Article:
Magat v. Madiladea (1983)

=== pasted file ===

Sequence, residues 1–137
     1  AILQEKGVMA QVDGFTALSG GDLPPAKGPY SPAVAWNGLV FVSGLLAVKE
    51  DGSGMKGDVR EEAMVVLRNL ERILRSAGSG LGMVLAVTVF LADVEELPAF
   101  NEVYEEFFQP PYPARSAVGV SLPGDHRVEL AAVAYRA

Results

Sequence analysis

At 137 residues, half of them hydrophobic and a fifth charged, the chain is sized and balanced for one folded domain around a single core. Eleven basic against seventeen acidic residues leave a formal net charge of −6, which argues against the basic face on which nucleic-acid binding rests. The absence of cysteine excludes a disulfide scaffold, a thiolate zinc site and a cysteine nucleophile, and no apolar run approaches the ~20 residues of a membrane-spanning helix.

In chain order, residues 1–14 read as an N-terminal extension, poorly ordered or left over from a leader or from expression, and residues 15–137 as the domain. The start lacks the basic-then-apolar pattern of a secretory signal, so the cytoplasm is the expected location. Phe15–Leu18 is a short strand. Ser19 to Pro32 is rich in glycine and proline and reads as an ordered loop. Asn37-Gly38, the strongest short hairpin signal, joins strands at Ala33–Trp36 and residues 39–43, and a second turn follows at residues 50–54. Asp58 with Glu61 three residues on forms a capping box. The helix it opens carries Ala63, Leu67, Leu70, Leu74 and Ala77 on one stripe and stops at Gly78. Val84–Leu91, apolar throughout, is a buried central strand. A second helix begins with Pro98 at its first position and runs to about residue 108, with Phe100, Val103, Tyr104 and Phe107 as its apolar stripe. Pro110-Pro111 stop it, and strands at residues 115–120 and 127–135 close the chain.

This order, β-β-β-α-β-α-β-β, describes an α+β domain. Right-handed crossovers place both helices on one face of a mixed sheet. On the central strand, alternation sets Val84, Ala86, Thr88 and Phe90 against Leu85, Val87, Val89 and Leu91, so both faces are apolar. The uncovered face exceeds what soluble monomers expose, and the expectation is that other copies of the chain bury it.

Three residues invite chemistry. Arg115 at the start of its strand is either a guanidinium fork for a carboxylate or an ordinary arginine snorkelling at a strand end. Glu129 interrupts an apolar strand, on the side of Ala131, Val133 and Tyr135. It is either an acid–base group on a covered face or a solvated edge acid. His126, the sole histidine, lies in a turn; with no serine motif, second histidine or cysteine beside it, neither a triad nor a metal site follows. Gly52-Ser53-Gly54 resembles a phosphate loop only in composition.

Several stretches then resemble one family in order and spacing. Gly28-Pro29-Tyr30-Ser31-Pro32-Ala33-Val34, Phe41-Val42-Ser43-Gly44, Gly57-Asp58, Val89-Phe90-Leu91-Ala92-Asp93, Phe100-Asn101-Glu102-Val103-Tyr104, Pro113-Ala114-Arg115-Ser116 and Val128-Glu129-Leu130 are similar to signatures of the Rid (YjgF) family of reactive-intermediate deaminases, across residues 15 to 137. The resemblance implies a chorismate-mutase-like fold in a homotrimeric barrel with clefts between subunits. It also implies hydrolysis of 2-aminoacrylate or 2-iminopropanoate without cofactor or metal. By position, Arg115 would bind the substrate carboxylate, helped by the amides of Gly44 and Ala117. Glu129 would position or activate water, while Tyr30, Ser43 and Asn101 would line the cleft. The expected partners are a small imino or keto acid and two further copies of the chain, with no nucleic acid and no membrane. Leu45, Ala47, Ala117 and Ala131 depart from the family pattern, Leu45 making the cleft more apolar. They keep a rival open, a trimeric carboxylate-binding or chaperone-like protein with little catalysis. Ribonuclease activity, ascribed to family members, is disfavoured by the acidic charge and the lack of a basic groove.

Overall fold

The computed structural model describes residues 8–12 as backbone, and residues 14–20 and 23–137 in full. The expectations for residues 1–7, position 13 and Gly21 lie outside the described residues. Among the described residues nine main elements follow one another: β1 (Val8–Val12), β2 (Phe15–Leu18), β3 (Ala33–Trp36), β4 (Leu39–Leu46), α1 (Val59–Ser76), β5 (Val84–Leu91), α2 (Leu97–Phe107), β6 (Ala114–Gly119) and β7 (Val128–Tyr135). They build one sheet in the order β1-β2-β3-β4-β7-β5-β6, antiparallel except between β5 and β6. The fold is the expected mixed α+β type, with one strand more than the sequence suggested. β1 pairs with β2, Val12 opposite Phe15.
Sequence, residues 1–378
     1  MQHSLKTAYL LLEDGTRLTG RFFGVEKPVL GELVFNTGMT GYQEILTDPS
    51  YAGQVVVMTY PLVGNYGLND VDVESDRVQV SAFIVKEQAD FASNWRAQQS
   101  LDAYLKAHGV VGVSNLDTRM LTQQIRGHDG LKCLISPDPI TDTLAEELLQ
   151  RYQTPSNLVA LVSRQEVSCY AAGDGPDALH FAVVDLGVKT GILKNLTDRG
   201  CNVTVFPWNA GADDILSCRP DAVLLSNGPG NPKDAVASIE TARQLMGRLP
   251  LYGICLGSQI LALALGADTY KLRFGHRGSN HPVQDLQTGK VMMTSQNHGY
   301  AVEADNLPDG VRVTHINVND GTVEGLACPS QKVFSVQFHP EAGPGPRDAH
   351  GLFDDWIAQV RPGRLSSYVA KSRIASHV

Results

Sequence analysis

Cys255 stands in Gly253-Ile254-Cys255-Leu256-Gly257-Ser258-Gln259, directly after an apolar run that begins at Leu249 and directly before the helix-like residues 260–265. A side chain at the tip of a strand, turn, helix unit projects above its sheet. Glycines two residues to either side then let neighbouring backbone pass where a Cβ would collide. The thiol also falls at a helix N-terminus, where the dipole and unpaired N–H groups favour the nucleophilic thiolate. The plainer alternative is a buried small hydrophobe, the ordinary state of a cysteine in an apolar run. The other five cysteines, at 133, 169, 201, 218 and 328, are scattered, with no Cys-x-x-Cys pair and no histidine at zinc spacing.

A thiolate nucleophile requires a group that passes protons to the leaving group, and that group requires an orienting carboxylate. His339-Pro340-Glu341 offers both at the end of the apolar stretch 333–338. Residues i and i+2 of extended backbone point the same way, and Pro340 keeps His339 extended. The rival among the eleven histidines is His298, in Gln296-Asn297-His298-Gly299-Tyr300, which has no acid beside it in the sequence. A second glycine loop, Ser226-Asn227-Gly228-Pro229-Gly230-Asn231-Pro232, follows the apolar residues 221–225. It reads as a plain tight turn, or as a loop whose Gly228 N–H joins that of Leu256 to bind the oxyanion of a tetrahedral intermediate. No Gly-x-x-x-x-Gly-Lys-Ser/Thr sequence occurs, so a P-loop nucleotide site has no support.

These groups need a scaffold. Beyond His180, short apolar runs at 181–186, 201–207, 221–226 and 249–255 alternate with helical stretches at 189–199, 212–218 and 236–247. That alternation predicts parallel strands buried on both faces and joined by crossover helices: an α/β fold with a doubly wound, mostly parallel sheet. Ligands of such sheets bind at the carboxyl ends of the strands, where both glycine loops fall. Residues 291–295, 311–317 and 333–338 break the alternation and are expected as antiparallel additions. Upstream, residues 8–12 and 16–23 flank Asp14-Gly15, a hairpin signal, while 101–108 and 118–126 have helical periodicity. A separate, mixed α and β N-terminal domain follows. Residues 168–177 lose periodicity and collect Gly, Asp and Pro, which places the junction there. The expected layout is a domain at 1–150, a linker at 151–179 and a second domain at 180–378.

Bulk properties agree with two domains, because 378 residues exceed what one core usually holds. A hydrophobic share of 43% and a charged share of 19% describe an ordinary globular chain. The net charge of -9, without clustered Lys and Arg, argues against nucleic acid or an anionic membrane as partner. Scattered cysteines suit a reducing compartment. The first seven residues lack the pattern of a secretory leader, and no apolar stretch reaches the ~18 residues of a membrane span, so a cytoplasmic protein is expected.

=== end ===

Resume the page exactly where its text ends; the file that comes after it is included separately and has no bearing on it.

September 25, 1972, a copy of which is hereto attached marked as Annex 'A' and made an integral part of this complaint, wherein the plaintiff quoted in his offer a total price of $77,620.59 [U.S. dollars] FOB Yokohama, the goods or articles therein offered for sale by the plaintiff to the defendant to be delivered sixty to ninety [60-90] days after receipt of advice from the defendant of the radio frequency assigned to the defendant by the proper authorities; 7. That the plaintiff received notice of the fact that the defendant accepted plaintiff's offer to sell to the defendant the items specified in Annex 'A', as well as the terms and conditions of said offer, as shown by the signed conformity of the defendant appearing on Annex 'A' which was duly delivered by the defendant's agent to the plaintiff herein, whereupon all that the plaintiff had to do in the meantime was to await advice from the defendant as to the radio frequency to be assigned by the proper authorities to the defendant; 8. That believing that the defendant would faithfully fulfill his contract with the plaintiff herein, considering his signed conformity appearing in Annex 'A' hereof as well as the letter dated October 4, 1972, of his agent aforementioned which is attached hereto and marked as Annex 'B' and made an integral part of this complaint, and in order that plaintiff's promised delivery would not be delayed, the plaintiff herein took steps to advise the Japanese entity entrusted with the manufacture of the items listed in Annex 'A' to the effect that the contract between the defendant herein and the plaintiff has been perfected and that advice with regards to radio frequency would follow as soon as same is received by the plaintiff from the defendant; 9. That in his letter dated October 6, 1972, a copy of which is hereto attached marked as Annex 'C', the defendant advised his aforementioned agent to the effect that the U.S. Navy provided him with the radio frequency of 34.2 MHZ [Megahertz] and defendant requested his said agent to proceed with his order placed with the plaintiff herein, which fact was duly communicated to the plaintiff by the defendant's aforementioned agent; 10. That by his letter dated October 7, 1972, addressed to the plaintiff by the defendant's agent, a copy of which is hereto attached and marked as Annex 'D', defendant's agent qualified defendant's instructions contained in his letter of October 6, 1972 [Annex 'C'] in the sense that plaintiff herein should proceed to fulfill defendant's order only upon receipt by the plaintiff of the defendant's letter of credit; 11. That it being normal business practice in case of foreign importation that the buyer opens a letter of credit in favor of the foreign supplier before delivery of the goods sold, the plaintiff herein awaited the opening of such a letter of credit by the defendant; 12. That the defendant and his agent have repeatedly assured plaintiff herein of the defendant's financial capabilities to pay for the goods ordered by him and in fact he accomplished the necessary application for a letter of credit with his banker, but he subsequently instructed his banker not to give due course to his application for a letter of credit and that for reasons only known to the defendant, he fails and refuses to open the necessary letter of credit to cover payment of the goods ordered by him; 13. That it has come to the knowledge of the plaintiff herein that the defendant has been operating his taxicabs without the required radio transceivers and when the U.S. Navy Authorities of Subic Bay, Philippines, were pressing defendant for compliance with his commitments with respect to the installations of radio transceivers on his taxicabs, he impliedly laid the blame for the delay upon the plaintiff herein, thus destroying the reputation of the plaintiff herein with the said Naval Authorities of Subic Bay, Philippines, with whom plaintiff herein transacts business; 14. That on March 27, 1973, plaintiff wrote a letter thru his counsel, copy attached marked as Annex 'E', to ascertain from the defendant as to whether it is his intention to fulfill his part of the agreement